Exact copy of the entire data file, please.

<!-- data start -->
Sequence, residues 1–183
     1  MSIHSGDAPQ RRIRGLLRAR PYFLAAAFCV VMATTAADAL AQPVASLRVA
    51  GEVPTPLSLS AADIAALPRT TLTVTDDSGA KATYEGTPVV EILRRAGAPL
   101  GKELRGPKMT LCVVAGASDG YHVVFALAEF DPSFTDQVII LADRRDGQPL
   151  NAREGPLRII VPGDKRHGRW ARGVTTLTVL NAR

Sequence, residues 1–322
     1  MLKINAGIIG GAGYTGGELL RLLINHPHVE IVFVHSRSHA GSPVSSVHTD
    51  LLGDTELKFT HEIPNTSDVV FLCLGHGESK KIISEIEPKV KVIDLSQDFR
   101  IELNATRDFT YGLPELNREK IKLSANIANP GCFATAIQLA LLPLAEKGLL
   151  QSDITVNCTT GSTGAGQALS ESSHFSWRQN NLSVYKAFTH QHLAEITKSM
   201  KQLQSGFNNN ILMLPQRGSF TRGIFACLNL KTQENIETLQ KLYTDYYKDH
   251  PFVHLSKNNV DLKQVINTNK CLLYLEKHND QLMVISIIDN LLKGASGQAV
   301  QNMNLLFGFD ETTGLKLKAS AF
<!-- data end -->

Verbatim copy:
Sequence, residues 1–183
     1  MSIHSGDAPQ RRIRGLLRAR PYFLAAAFCV VMATTAADAL AQPVASLRVA
    51  GEVPTPLSLS AADIAALPRT TLTVTDDSGA KATYEGTPVV EILRRAGAPL
   101  GKELRGPKMT LCVVAGASDG YHVVFALAEF DPSFTDQVII LADRRDGQPL
   151  NAREGPLRII VPGDKRHGRW ARGVTTLTVL NAR

Sequence, residues 1–322
     1  MLKINAGIIG GAGYTGGELL RLLINHPHVE IVFVHSRSHA GSPVSSVHTD
    51  LLGDTELKFT HEIPNTSDVV FLCLGHGESK KIISEIEPKV KVIDLSQDFR
   101  IELNATRDFT YGLPELNREK IKLSANIANP GCFATAIQLA LLPLAEKGLL
   151  QSDITVNCTT GSTGAGQALS ESSHFSWRQN NLSVYKAFTH QHLAEITKSM
   201  KQLQSGFNNN ILMLPQRGSF TRGIFACLNL KTQENIETLQ KLYTDYYKDH
   251  PFVHLSKNNV DLKQVINTNK CLLYLEKHND QLMVISIIDN LLKGASGQAV
   301  QNMNLLFGFD ETTGLKLKAS AF